Right after the armies had left and the immediate danger was over both boys, being naturally curious and finally turned loose by their parents, walked into town and out to the scene of the 2nd and 3rd day's struggle. One of the boys-I don't know which one-was so overcome and horrified at the carnage he witnessed and was shaken so badly at the gore, that for the remainder of his life he NEVER went out of town to that location ever again.

If you find that book maybe you can see if there is a similar story written by William about either himself or his brother. If it was the Bayly boys like she was describing, I would think that William would mention that it was either himself or his brother this happened to.

I'm also kind of curious if that young Confederate accompanied them on that trip since the guide never mentioned that, and nobody in the group asked. I'm thinking maybe not, as he probably had seen enough of that by that time...

So sorry I did not see this! The ' @ " sign did not become blue hence did not turn into a notice. Yes, I will look for the book and make sure you have a link? For some reason there's been a heckish time finding Harriet and William's narratives but I'm pretty sure I have both now? All the citizen narratives are crazy good- as you said, seeing the battlefield through a child's eyes, some would never be the same again. There's a portion of nurse narrative where she goes out to the battlefield and witnesses where a man must have been literally shot into a boulder- she said he was nearly melted into it, like drawn on it by charcoal and paint. Shook her up dreadfully. Well, gee whiz, how could it not?

The young Confederate, as a guess, may have wished to not appear far from the house for awhile? Even after Lee's army left there could have been any number of Confederates in the area as wounded or officers caring for them or prisoners- he surely would not run the risk of being recognized? He did hand out water and food to departing Confederate along with The Baylys so have no idea why he felt this to be safe?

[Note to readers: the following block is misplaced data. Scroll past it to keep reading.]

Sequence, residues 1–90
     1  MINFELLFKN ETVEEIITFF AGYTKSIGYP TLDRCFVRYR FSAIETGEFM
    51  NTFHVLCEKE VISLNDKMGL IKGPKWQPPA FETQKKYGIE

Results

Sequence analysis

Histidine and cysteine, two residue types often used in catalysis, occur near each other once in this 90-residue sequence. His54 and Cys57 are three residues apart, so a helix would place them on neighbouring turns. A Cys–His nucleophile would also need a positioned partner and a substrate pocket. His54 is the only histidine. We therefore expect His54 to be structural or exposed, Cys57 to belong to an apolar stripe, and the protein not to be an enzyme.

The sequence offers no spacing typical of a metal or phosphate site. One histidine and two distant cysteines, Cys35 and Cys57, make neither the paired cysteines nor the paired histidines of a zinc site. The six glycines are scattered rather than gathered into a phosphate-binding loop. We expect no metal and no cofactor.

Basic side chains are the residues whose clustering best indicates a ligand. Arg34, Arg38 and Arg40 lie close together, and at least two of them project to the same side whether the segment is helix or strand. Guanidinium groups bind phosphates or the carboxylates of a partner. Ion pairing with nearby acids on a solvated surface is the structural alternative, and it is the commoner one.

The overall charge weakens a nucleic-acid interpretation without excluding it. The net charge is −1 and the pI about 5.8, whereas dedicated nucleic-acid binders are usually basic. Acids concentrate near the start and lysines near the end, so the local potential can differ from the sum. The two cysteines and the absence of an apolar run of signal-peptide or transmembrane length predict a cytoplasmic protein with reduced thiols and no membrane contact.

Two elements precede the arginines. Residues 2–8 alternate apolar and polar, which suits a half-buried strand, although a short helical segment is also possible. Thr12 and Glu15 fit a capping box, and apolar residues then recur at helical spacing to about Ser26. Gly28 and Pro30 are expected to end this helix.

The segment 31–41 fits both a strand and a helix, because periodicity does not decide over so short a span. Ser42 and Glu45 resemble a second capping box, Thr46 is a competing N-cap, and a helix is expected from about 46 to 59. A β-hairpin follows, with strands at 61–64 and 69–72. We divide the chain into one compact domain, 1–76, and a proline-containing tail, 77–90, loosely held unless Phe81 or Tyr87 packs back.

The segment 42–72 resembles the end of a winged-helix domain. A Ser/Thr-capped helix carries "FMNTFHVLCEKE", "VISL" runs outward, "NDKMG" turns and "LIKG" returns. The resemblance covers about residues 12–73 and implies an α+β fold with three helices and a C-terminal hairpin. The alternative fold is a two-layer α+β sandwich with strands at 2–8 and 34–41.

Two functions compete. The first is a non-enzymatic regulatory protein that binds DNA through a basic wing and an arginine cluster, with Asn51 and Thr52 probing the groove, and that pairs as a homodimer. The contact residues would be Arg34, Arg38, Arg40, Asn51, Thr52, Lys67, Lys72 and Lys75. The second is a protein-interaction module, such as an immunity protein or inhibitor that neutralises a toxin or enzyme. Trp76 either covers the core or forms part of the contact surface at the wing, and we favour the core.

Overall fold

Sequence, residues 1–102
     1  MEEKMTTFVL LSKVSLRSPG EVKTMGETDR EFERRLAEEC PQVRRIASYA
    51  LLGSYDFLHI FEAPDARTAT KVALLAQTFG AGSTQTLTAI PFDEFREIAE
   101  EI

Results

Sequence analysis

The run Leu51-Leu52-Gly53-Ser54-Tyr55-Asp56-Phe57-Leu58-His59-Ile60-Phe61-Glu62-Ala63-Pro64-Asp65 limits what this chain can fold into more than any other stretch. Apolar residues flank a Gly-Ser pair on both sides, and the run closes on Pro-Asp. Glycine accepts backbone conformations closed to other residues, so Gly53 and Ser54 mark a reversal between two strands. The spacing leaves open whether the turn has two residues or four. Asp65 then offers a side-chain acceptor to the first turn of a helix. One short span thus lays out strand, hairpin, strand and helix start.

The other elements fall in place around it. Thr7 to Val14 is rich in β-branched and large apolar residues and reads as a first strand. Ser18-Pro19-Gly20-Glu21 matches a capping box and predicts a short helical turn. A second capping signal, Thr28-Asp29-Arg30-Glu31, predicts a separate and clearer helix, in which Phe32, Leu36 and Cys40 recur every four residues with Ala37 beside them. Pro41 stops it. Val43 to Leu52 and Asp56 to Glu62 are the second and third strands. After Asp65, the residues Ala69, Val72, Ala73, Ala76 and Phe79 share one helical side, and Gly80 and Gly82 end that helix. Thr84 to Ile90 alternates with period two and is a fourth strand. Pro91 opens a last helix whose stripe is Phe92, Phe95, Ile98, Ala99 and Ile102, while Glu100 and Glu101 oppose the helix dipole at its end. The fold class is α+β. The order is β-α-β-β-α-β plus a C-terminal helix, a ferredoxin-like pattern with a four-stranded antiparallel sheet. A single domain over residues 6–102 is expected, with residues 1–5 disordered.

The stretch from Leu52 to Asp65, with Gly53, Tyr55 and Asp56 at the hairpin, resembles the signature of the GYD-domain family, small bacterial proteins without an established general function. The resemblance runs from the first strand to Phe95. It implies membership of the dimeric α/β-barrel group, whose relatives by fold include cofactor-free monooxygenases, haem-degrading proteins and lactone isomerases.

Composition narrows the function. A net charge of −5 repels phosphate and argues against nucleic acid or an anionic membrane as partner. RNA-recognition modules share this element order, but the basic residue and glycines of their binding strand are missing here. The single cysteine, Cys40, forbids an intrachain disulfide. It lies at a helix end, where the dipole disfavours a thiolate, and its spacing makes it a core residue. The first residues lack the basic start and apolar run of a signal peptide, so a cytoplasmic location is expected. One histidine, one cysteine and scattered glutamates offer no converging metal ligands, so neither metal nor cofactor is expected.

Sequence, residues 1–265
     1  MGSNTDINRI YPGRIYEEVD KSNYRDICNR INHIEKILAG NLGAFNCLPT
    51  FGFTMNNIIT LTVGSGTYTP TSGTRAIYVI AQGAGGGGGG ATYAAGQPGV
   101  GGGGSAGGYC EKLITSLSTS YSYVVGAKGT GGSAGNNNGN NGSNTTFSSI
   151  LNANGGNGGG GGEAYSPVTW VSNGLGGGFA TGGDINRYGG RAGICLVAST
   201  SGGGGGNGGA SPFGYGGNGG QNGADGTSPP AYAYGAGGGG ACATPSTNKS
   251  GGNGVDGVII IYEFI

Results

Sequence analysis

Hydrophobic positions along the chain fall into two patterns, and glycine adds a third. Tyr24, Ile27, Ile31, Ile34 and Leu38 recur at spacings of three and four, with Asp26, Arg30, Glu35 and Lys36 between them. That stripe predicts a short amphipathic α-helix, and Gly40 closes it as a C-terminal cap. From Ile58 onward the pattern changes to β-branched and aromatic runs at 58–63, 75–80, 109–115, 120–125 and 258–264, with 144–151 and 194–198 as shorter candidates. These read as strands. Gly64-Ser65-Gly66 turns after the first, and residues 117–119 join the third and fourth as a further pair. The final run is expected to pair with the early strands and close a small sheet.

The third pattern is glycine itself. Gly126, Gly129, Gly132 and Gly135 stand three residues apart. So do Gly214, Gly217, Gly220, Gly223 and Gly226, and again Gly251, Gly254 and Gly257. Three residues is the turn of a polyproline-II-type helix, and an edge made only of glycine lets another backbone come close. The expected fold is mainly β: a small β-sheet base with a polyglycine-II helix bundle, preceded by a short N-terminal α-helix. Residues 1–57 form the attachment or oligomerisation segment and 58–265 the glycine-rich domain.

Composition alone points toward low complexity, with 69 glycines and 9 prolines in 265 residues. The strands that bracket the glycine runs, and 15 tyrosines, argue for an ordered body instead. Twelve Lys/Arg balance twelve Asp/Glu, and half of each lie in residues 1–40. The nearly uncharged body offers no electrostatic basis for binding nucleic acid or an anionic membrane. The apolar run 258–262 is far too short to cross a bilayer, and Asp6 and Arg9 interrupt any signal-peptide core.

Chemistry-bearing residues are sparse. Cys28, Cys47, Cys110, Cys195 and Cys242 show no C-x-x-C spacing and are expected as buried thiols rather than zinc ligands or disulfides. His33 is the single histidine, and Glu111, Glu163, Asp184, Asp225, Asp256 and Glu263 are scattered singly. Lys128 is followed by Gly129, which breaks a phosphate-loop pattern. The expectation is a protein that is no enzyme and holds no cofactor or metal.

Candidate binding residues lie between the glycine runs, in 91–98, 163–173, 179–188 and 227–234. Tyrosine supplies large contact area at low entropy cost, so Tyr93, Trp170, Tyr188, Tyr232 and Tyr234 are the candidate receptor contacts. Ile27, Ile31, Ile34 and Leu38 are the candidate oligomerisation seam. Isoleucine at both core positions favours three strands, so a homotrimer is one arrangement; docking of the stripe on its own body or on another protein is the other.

JPK Huson 1863

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#91

JPK Huson 1863

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#92
http://civilwartalk.com/threads/georgianas-gettysburg-1863.127349/

Georgiana's Gettysburg, meaning Georgiana Woolsey of the Sanitary Commission. A temporary citizen of Gettysburg from July until the commission sent her elsewhere she encountered citizens almost daily as they, too, worked tirelessly on behalf of wounded soldiers North and South.
 

Tom Elmore

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#94
http://civilwartalk.com/threads/sophronia-bucklins-gettysburg-a-chance-to-meet-her.126508/

Sophronia Bucklin, another nurse, another woman with dozens of encounters with Gettysburg citizens.
A little history on the two Acting Assistant Surgeons who wrote letters of recommendation for Sophronia:

(Acting) Assistant Surgeon James A. Newcombe
- Attended Pvt John L. Fore, H/14 VA
- Attended Sgt D. K. Brinson, H/13 GA, Camp Letterman, 30 Jul - 15 Sep
- Attended Pvt Joseph S. Haden, E/13 GA, Camp Letterman, 2-30 August
- Attended Pvt David P. Morris, 30 NC, Camp Letterman, after 25 July

(Acting) Assistant Surgeon William B. Jones
- Attended Sgt W. G. Alleger, G/142 PA, Camp Letterman, 24 July
- Attended Pvt T. B. Ballon, C/24 MICH, Camp Letterman, 7 Aug-12 Oct
- Attended Pvt Benjamin F. Hayner, H/125 NY, Camp Letterman, 22 Oct
 
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#95
Yes JPK, I've wondered if that young man was ever concerned about being recognized. When you think about it, that's pretty bold to hand out food and water to your compadres and running the risk of someone recognizing you. Maybe he just didn't care at that point-guess we may never know.
 

JPK Huson 1863

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#96
A little history on the two Acting Assistant Surgeons who wrote letters of recommendation for Sophronia:

(Acting) Assistant Surgeon James A. Newcombe
- Attended Pvt John L. Fore, H/14 VA
- Attended Sgt D. K. Brinson, H/13 GA, Camp Letterman, 30 Jul - 15 Sep
- Attended Pvt Joseph S. Haden, E/13 GA, Camp Letterman, 2-30 August
- Attended Pvt David P. Morris, 30 NC, Camp Letterman, after 25 July

(Acting) Assistant Surgeon William B. Jones
- Attended Sgt W. G. Alleger, G/142 PA, Camp Letterman, 24 July
- Attended Pvt T. B. Ballon, C/24 MICH, Camp Letterman, 7 Aug-12 Oct
- Attended Pvt Benjamin F. Hayner, H/125 NY, Camp Letterman, 22 Oct